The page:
Even if university-trained computer professionals remain the first choice of most employers, a narrower sector of the market may find boot camps useful. Given that technology is constantly changing, coding schools could help seasoned professionals retool and update their skills. Such a niche industry, however, would hardly be large enough to change the overall landscape of higher education.

Jeb Bush: ‘Trump is Right’ on North Korea, Iran 

by Philip H. DeVoe

Former Florida governor and 2016 presidential candidate Jeb Bush praised President Donald Trump’s foreign policy in comments made in New York City during the Iran Summit 2017. Asked by the moderator, NBC News’s Nicolle Wallace, to comment on Trump’s behavior toward North Korea and Iran, Bush said he believes Trump’s brash attitude has helped “set the table” in dealing with dangerous regimes. 

“Once in a while, chaos, chaotic words, are helpful,” Bush said. “Regimes need to be called out. Trump is right.” 

During a follow-up question at the summit – which consists of a series of panels by politicians and foreign-policy experts, and which was called to discuss the Iranian threat to the United States – Wallace pressed Bush on his uncharacteristic support for Trump, peppering him with questions about the president’s foreign policy. Bush responded by reiterating his earlier comments, praising Trump for overseeing a foreign policy that “is moving in a more traditional way.” 

Bush continued by criticizing those who are “analyzing [Trump’s] Tweets and twitches” instead of “what [he’s] doing.” Wallace quieted the applause that this line generated by asking Bush about Trump’s flip-flop on NATO. Bush said that he supported Trump’s decision to remain in NATO, contending that it doesn’t matter that the president changed positions, because “he got [it] right the second time.” 

Despite his general praise, Bush criticized the president’s lack of “consistent policy.” Moreover, he credited Trump’s team, not the president, with the move forward, specifically naming Ambassador to the U.N. Nikki Haley as an example of someone “doing a good job.” He concluded his comments on Trump by saying the president must “go from ad hoc to something more clear” in his policy-making process. 

Bush’s support for Trump’s foreign policy is an indicator that Trump has been moving toward a more traditional position. The frequent clashes between the two during the campaign helped Trump sell his promise that he would fight career politicians and Washington elites if elected. Now that Trump is in office, however, he’s finding it harder and harder to fulfill that vow.

‘The Handmaid’s Tale Lunacy’

by Rich Lowry

The Emmy sweep of The Handmaid’s Tale has brought on another bout of commentary about how it has much to tell us about Trump’s America. I wrote about it today:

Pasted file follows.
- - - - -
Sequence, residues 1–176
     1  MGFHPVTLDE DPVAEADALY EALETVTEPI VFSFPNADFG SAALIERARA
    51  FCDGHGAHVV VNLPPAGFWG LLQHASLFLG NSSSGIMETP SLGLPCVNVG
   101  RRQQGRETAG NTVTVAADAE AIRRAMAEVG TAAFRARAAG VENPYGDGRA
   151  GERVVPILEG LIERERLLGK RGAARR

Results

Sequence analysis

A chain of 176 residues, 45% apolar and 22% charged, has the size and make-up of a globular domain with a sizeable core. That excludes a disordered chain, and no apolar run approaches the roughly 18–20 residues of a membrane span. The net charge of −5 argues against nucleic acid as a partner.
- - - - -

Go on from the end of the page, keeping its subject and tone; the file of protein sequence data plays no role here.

Based on the 1985 novel by Margaret Atwood, the series depicts a misogynist dystopia. Christian fundamentalists have established a theocracy that — after an environmental debacle craters the birth rate — forces fertile women, called handmaids, into sexual slavery. 

Set in contemporary America, the show combines the atmosphere of The Scarlet Letter with 1984. It is bleak, plodding, heavy-handed, and occasionally gripping. What has given it extra oomph is the trope that it is relevant to Trump’s America. This is a staple of the commentary, and everyone involved in the show’s production pushes the notion.

According to Atwood, people woke up after Trump’s election “and said we’re no longer in a fantasy fiction.” The series is indeed highly relevant — as a statement on the fevered mind of progressives.

American College of Physicians Opposes Assisted Suicide

by Wesley J. Smith

Excellent. The American College of Physicians, after studying the issue, has issued a policy statement against the legalization of assisted suicide. From the ACP Position Paper:

Society’s goal should be to make dying less, not more, medical. Physician-assisted suicide is neither a therapy nor a solution to difficult questions raised at the end of life.

On the basis of substantive ethics, clinical practice, policy, and other concerns, the ACP does not support legalization of physician-assisted suicide. This practice is problematic given the nature of the patient–physician relationship, affects trust in that relationship as well as in the profession, and fundamentally alters the medical profession’s role in society.

Furthermore, the principles at stake in this debate also underlie medicine’s responsibilities on other issues and the physician’s duty to provide care based on clinical judgment, evidence, and ethics.

Control over the manner and timing of a person’s death has not been and should not be a goal of medicine. However, through high-quality care, effective communication, compassionate support, and the right resources, physicians can help patients control many aspects of how they live out life’s last chapter.

In short, these ethical physicians urge greater quality of care for the dying–not facilitation of their killing.

Assisted suicide is just that–suicide. It is not a medical treatment. It is not compassion, the root meaning of which is to “suffer with.”